Pro­vin­cial bud­get trou­bles MLA

The Drumheller Mail - - FRONT PAGE - Pa­trick Ko­lafa

MLA Rick Strankman has re­viewed the Al­berta Govern­ment bud­get and it has him see­ing red.

The Al­berta bud­get was re­leased on April 14. The high­light for Strankman was a low light, and that is debt.

“Ex­ten­sive debt, some­thing north of $50 bil­lion by the end of the term of this govern­ment,” said Strankman.

He likens the hard time the pro­vin­cial econ­omy is see­ing to the BSE cri­sis. Dur­ing this time, ranch­ers could not sell their prod­uct and cur­tailed their spend­ing. In this case, it doesn’t ap­pear the govern­ment is do­ing the same.

“It seems in this case, the govern­ment is go­ing ahead and main­tain­ing its spend­ing line,” he said.

“To be run­ning into a deficit of some­thing north of $50 bil­lion with only $10 bil­lion an­nual in­come, it is go­ing to be pretty dis­mal go­ing for­ward for some time,” said Strankman.

The bud­get fore­casts a $10.4 bil­lion deficit in 2016. In ad­di­tion, it also out­lined the govern­ment’s car­bon tax regime. A car­bon levy of $20 per tonne will come into ef­fect on Jan­uary 1, 2017, and then a year later jump to $30 per tonne.

“In this busi­ness en­vi­ron­ment there is go­ing to be a car­bon tax that is go­ing to be hang­ing over ev­ery­one. The ef­fect is go­ing to be on the price of gaso­line, diesel or even the freight. For a busi­ness like HiWay 9, how is that go­ing to af­fect their busi­ness? Six miles east of where I live, there is not go­ing to be that tax.”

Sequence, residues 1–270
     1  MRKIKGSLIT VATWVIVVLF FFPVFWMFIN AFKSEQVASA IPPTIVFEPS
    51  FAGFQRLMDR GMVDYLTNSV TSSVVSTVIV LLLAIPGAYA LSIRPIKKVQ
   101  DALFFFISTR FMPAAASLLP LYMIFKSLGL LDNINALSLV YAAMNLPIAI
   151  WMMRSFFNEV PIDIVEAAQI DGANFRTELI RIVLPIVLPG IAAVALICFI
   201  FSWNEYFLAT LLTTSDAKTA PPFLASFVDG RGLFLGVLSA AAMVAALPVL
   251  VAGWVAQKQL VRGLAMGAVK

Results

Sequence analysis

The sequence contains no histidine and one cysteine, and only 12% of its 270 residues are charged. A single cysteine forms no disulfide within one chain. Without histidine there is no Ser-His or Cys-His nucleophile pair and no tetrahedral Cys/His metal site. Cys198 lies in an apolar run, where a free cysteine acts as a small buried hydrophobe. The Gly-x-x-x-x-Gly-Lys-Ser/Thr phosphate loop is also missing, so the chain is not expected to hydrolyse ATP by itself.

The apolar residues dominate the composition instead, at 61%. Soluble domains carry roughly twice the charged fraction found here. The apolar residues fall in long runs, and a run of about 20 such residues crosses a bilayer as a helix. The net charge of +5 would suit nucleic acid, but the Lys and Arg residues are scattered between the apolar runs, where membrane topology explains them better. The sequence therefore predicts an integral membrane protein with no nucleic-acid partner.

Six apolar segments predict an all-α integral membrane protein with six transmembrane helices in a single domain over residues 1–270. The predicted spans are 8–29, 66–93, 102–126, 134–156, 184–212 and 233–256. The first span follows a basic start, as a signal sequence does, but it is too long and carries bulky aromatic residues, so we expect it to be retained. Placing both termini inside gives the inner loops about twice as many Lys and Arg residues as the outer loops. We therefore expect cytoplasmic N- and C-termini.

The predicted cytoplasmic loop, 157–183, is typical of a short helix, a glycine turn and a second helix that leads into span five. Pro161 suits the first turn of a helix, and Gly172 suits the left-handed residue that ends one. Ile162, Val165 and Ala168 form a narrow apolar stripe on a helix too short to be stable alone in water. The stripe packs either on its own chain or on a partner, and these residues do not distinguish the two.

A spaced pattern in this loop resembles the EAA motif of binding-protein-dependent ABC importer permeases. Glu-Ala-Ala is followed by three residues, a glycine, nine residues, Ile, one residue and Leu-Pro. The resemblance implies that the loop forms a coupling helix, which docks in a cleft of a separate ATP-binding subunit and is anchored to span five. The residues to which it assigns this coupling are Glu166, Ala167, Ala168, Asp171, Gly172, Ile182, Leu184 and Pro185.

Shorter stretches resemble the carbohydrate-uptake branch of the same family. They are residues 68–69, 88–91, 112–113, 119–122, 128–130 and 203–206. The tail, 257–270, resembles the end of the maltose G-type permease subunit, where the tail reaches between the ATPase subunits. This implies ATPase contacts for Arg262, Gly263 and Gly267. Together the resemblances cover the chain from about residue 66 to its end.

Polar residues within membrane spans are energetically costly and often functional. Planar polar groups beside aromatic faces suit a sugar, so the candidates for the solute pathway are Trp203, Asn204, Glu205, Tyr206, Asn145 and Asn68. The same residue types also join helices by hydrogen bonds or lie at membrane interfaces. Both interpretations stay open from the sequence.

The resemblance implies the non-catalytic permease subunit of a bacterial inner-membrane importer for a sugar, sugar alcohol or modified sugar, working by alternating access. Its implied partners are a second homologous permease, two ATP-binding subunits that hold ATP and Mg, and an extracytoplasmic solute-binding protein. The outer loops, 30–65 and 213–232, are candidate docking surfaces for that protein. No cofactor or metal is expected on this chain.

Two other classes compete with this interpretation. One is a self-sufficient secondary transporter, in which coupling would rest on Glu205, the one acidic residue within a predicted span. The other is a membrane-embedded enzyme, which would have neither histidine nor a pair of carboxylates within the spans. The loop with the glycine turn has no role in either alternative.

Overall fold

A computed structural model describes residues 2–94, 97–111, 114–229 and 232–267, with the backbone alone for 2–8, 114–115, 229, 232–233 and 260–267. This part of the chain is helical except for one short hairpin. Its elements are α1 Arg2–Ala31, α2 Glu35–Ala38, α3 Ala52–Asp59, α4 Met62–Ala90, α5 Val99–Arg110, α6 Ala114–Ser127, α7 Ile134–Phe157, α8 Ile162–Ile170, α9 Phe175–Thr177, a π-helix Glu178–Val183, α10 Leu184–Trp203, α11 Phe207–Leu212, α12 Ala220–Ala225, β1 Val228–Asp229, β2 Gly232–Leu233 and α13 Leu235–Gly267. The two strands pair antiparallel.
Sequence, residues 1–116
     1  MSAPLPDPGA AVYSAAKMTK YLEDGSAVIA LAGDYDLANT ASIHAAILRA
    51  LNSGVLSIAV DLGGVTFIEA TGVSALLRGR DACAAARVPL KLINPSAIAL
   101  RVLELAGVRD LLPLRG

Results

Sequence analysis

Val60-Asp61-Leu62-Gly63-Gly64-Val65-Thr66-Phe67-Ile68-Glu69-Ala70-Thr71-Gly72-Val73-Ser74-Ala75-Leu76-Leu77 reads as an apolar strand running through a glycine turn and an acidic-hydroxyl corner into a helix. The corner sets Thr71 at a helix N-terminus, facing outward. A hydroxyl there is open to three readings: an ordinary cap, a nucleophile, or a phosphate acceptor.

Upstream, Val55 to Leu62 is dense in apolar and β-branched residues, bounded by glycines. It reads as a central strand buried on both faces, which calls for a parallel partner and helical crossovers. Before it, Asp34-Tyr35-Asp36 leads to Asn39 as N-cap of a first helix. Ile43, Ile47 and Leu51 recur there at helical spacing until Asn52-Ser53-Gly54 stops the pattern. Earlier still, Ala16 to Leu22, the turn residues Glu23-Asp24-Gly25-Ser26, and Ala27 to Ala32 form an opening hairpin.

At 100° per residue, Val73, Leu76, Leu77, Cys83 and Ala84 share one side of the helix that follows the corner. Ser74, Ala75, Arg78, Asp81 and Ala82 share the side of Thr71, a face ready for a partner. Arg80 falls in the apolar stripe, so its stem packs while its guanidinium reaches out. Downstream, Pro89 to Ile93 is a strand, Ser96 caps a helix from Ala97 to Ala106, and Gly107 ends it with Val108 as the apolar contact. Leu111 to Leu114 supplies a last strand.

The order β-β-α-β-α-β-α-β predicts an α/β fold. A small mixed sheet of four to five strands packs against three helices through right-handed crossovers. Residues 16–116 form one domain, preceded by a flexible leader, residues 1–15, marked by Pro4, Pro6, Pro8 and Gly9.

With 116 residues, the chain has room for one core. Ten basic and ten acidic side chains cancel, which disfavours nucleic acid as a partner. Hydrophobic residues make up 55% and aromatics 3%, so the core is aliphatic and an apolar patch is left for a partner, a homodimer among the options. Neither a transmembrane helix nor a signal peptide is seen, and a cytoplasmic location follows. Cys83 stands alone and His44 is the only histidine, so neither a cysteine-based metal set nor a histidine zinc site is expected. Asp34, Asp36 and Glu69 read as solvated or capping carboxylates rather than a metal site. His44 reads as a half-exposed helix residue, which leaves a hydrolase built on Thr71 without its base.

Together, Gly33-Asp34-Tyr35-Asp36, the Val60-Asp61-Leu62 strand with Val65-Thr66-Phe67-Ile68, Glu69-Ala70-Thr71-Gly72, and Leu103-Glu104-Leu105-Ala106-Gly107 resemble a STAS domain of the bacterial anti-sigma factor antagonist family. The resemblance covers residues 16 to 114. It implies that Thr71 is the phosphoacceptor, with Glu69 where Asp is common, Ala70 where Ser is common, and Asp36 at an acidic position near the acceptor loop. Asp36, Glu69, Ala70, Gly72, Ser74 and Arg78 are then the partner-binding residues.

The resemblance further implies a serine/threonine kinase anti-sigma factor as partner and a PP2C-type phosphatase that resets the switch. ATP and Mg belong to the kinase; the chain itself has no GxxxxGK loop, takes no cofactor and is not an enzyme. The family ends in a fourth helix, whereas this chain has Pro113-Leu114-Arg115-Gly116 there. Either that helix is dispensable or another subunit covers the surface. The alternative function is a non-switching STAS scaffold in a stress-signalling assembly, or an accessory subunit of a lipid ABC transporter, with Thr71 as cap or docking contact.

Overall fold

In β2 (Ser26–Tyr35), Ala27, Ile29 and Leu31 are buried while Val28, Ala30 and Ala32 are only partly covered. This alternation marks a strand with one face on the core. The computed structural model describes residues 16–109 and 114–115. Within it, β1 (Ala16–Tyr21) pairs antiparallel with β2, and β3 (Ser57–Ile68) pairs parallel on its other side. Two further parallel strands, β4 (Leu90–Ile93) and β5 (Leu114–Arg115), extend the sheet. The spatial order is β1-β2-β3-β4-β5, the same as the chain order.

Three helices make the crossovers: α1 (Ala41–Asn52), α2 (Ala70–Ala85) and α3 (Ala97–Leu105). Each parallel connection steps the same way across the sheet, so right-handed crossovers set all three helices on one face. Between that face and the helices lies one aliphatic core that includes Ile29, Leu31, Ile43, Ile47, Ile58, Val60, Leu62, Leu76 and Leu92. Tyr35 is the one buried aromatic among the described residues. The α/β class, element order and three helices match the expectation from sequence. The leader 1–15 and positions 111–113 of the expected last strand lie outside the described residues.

The bud­get says the new car­bon levy will cre­ate jobs, di­ver­sify the en­ergy econ­omy and drive new tech­nolo­gies

that will add to the ex­port econ­omy.

He wor­ries the ad­di­tional level will have an af­fect on Al­berta’s com­pet­i­tive ad­van­tage.

“One of the Al­berta ad­van­tages we have is that our ac­tual en­ergy costs on power bills is mi­nus­cule. It is the trans­mis­sion and dis­tri­bu­tion charges that are go­ing to the moon,” he said.

He ac­knowl­edges there was some con­tro­versy when he asked for the sci­en­tific re­search that jus­ti­fied bring­ing th­ese poli­cies for­ward. He be­lieves the sci­ence of man­made cli­mate change is un­set­tled and al­ways chang­ing.

“In some peo­ple’s minds, the sci­ence is com­pletely set­tled, in my mind it is not un­like cen­turies ago, the sci­ence was that the earth was flat and there was a guy that sailed off into the sun­set and even­tu­ally dis­cov­ered what I un­der­stand is now Cuba,” he said.

There may be a few pos­i­tives. He does note that the govern­ment low­ered the small busi­ness tax from 3 per cent to 2 per cent. There was also two new tax cred­its he would like to learn more about.

“They don’t go into any greater depth, and we haven't had time to pour through the books to un­der­stand what that means,” he said.

Rick Strankman… Drumheller-Stet­tler MLA

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